Sep 282012

Local alternatives to Dropbox are worth looking into for those concerned about the security risks of uploading data to a cloud storage provider. We recently profiled AeroFS, which integrates a Dropbox-style folder into your file system and syncs it across computers. While it works quite well, the service is still in a limited beta, does not yet enable mobile or Web-based access, and isnt the only useful approach to building a “personal cloud.”

Another approach a lot of users might find interesting makes every file on your desktop, including those in external hard drives, available to any other computer, smartphone, or tablet. Luckily, this is quite easy these days—even if youve never set up a server, typed a line of code, or learned what NAS stands for.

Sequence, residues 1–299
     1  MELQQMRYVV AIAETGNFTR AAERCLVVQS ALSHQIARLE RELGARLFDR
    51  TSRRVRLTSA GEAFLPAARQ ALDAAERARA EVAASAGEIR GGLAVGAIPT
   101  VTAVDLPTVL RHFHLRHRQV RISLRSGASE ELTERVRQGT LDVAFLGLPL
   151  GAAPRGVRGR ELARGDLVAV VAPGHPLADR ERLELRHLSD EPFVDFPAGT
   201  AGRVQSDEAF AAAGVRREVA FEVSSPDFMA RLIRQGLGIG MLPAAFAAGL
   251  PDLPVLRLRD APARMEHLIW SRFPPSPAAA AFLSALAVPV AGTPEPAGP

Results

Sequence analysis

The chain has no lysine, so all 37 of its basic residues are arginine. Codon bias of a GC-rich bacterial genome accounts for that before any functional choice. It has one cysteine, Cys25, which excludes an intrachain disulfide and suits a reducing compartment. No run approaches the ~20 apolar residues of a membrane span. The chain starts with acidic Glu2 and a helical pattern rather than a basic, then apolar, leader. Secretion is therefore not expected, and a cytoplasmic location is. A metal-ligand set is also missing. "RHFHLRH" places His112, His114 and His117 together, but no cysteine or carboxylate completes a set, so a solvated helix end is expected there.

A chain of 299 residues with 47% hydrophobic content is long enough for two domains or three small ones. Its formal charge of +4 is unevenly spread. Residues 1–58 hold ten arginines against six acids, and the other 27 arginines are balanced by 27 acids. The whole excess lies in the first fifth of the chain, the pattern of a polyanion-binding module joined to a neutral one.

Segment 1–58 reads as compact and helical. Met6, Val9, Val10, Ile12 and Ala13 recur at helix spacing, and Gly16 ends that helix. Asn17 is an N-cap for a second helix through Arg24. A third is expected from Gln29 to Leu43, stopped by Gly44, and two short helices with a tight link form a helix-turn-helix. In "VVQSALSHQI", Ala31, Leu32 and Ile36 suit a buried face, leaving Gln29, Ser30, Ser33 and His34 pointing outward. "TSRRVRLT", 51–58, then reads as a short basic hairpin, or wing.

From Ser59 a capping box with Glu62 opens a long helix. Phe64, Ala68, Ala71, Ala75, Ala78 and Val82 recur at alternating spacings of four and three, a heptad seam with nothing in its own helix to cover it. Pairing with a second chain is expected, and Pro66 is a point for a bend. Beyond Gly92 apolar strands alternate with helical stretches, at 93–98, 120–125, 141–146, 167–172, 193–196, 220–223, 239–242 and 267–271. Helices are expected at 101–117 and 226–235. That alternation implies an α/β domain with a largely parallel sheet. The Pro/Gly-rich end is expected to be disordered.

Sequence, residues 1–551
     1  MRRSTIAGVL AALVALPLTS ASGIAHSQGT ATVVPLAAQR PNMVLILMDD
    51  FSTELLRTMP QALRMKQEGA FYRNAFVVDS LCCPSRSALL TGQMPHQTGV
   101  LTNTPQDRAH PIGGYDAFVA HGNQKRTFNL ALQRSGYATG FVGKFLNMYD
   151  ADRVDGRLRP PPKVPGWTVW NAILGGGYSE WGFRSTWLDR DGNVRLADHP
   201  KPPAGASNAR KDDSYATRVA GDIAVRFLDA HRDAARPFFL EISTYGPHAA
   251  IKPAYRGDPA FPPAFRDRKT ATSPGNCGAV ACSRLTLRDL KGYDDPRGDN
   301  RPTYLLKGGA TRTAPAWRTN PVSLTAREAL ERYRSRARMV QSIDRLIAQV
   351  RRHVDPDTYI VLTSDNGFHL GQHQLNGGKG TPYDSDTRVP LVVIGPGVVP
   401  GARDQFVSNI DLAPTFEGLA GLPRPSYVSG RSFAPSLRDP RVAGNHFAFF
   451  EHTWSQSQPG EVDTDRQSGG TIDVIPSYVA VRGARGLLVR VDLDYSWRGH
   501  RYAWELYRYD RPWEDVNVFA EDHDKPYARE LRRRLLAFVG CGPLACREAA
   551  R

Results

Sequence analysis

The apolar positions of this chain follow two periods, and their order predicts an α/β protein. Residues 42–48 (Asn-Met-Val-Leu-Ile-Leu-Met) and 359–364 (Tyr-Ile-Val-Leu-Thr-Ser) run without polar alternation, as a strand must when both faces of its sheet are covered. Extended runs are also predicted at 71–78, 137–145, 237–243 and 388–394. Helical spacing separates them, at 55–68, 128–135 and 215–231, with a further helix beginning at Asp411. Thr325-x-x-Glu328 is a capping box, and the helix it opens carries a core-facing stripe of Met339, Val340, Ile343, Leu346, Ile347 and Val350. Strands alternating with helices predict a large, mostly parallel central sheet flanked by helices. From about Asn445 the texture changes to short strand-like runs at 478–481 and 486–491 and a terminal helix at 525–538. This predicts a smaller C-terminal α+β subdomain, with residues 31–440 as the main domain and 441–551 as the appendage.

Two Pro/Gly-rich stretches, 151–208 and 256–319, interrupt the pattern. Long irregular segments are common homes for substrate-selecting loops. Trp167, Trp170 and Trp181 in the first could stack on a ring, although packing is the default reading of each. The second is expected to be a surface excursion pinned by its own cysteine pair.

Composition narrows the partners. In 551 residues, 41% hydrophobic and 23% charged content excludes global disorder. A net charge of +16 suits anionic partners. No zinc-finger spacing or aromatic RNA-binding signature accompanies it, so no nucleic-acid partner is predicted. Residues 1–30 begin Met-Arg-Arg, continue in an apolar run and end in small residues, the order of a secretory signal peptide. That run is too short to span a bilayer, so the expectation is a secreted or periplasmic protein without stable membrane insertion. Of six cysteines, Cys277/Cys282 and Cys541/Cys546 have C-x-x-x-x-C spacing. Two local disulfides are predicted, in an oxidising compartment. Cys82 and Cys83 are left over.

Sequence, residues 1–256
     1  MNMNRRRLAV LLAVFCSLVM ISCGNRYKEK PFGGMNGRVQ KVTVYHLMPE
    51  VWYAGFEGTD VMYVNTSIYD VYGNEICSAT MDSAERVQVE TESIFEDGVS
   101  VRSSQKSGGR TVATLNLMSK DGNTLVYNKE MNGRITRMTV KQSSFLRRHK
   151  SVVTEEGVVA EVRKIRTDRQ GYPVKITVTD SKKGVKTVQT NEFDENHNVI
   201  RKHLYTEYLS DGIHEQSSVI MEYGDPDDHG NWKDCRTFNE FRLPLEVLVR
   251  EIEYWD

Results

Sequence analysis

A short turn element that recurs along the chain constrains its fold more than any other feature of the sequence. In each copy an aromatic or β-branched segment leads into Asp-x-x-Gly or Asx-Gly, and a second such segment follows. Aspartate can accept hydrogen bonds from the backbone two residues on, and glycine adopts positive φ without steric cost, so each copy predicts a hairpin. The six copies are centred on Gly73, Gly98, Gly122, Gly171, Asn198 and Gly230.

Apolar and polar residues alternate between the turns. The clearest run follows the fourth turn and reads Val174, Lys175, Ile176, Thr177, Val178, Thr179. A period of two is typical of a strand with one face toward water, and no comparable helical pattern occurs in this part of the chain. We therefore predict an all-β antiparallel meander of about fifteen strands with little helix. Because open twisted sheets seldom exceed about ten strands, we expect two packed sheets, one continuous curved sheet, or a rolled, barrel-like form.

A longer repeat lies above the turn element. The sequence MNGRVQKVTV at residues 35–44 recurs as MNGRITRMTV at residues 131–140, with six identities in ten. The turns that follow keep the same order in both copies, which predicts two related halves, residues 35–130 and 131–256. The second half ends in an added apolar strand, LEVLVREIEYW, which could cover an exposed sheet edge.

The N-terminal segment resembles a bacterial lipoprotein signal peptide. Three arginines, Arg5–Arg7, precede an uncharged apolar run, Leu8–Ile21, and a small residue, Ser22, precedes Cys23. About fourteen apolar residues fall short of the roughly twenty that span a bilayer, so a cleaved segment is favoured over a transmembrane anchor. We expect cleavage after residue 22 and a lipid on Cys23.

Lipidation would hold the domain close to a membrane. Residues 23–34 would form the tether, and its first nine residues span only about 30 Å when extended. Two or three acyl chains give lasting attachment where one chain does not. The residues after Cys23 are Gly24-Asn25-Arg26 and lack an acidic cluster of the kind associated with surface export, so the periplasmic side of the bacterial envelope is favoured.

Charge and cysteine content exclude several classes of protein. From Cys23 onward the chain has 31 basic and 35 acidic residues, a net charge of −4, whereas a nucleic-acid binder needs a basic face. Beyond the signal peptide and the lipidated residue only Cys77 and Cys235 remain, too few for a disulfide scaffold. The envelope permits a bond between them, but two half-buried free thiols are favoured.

For the purposes of this article, well look at two services: Tonido and PocketCloud. We chose them because they are cross-platform on both desktop and mobile, friendly to non-techie types, and provide their core services for free without requiring any hardware other than your desktop. At the end, well also briefly discuss some other options for secure file sharing.

Tonido and PocketCloud both keep your data on your own machines, never uploading files to their own servers except in one limited case involving PocketCloud.

MOREHow to put all your data on the Web—without storing it in the cloud | Ars Technica.